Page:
AI delivering returns for enterprise early adopters, but not industries created equal

Deloitte's annual AI survey reveals a bit of realism, cybersecurity worries and a 17 percent median return on investment.

Artificial intelligence spending is ramping as 82 percent of early adopters say they have seen positive returns on investment, according to Deloitte. But there are issues that are emerging as AI goes more mainstream.

According to Deloitte's State of AI in the Enterprise report, the median ROI on an AI project is 17 percent. Deloitte surveyed 1,100 U.S. executives with early AI projects under way.

However, not all industries have fared well with AI. For instance, life sciences and health care have invested heavily in AI with lower returns relative to technology and telecom firms.

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Deloitte noted:

Healthcare and life sciences companies are investing in AI but, according to our data, have less to show for it. Certainly, some healthcare "big bang" projects have disappointed thus far. However, advances in fields as diverse as radiology and hospital claims management show that AI offers substantial potential for value in healthcare, despite some high-profile stumbles. For example, in a recent study, deep- learning neural networks identified breast cancer tumors with 100 percent accuracy by analyzing pathology images. Such advances, however, are only in the lab and will likely take time before entering clinical practice.

For early adopters, 63 percent have launched machine learning with 62 percent using natural language processing. Computer vision was used by 57 percent and deep learning neural networks were deployed by half the Deloitte respondents. Enterprise software with AI baked in has been one big avenue to get started followed by co-development with partners and cloud services.

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Like many new technologies, early adopters often race ahead and garner early returns. When more companies, say the No. 3 player in an industry, adopt a new technologies more potholes appear.

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Respondents had concerns about AI with 32 percent of the execs survey saying they've had an AI-related breach in the last two years. These cybersecurity worries have shelved AI plans for 1 in 5 respondents. In addition, 40 percent of respondents said they were concerned about AI systems and legal and regulatory risks.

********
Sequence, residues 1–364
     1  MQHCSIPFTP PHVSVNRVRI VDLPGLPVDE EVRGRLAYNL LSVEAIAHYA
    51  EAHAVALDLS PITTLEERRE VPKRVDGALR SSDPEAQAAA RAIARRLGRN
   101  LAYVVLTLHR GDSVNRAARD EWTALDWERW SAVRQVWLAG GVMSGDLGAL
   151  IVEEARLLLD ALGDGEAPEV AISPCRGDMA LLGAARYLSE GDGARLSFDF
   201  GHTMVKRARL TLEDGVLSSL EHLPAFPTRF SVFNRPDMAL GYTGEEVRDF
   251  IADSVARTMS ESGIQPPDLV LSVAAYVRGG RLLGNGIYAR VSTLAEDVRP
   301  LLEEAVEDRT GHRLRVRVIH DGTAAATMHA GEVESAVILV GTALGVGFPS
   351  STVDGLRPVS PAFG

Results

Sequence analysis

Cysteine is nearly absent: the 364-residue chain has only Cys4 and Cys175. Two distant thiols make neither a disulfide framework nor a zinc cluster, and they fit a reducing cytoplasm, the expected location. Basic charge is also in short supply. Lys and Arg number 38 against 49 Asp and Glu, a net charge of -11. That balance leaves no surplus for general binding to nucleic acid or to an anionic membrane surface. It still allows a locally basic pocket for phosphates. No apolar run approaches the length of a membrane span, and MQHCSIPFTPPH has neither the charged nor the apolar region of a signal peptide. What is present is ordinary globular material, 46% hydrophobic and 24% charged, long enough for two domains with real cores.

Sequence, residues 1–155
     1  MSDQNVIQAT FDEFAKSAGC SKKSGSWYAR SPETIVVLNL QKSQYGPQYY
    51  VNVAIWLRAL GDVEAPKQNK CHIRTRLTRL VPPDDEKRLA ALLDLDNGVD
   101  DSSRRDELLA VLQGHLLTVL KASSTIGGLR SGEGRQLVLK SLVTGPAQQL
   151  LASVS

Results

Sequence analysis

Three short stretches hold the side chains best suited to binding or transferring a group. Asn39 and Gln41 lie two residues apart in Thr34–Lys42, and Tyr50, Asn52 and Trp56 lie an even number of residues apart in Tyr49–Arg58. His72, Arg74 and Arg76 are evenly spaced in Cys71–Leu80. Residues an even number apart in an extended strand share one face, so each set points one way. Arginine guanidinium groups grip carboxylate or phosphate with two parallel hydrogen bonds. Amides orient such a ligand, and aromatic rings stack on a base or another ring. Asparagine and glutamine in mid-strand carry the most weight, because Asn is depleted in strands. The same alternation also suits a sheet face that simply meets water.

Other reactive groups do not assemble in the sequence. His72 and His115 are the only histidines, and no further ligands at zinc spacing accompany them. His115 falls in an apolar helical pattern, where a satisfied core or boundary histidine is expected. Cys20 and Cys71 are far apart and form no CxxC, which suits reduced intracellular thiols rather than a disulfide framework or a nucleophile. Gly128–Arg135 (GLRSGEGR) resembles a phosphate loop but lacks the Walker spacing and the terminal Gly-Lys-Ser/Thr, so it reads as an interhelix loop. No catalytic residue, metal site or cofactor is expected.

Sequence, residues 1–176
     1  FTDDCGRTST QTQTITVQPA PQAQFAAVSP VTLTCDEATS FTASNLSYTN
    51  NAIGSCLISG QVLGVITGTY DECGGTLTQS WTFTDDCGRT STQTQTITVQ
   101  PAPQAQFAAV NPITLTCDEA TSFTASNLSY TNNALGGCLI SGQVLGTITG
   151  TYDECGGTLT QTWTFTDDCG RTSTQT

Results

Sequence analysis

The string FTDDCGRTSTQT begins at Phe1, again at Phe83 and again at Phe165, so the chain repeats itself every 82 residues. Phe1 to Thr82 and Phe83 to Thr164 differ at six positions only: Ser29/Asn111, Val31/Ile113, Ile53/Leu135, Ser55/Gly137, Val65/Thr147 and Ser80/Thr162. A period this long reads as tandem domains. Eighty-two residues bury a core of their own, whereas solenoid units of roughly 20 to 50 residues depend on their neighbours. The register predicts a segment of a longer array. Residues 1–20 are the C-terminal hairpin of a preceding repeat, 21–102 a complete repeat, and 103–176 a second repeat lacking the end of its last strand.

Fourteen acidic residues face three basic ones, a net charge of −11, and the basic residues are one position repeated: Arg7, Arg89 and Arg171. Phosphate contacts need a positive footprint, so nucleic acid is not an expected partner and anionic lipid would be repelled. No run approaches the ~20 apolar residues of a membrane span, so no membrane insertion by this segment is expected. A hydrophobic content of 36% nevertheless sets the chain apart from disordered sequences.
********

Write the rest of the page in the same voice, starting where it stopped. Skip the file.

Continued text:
Meanwhile, 32 percent of respondents said ethical risks were also a major concern. IBM has been positioning its AI management tools as a way to detect and correct bias in models. Enterprises are concerned about AI spreading false information and skewing recommendations in multiple areas.

Deloitte noted that 52 percent of respondents had an AI implementation roadmap with 37 percent stating they had a comprehensive strategy in place.

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Other key points in the Deloitte survey:

  • 63 percent are suing AI to keep up or edge ahead of competitors.
  • 37 percent said AI is helping their companies widen a lead.
  • 11 percent say that AI is of critical strategic importance today.
  • 42 percent say AI will be of critical strategic importance two years from now.
  • The share of respondents who think AI will transform their companies or industries within three years is down 20 percent from a year ago.
  • 69 percent of respondents say they are facing a moderate, major or extreme skills gap in AI. Researchers to invent new algorithms and systems as well as software developers and data scientists were the skills most in demand.
  • 10 percent of respondents said they had a clear preference for retraining and keeping current employees as AI is deployed.
  • 78 percent said they lean toward either toward keeping or replacing employees in equal measure or replacing workers with new talent.

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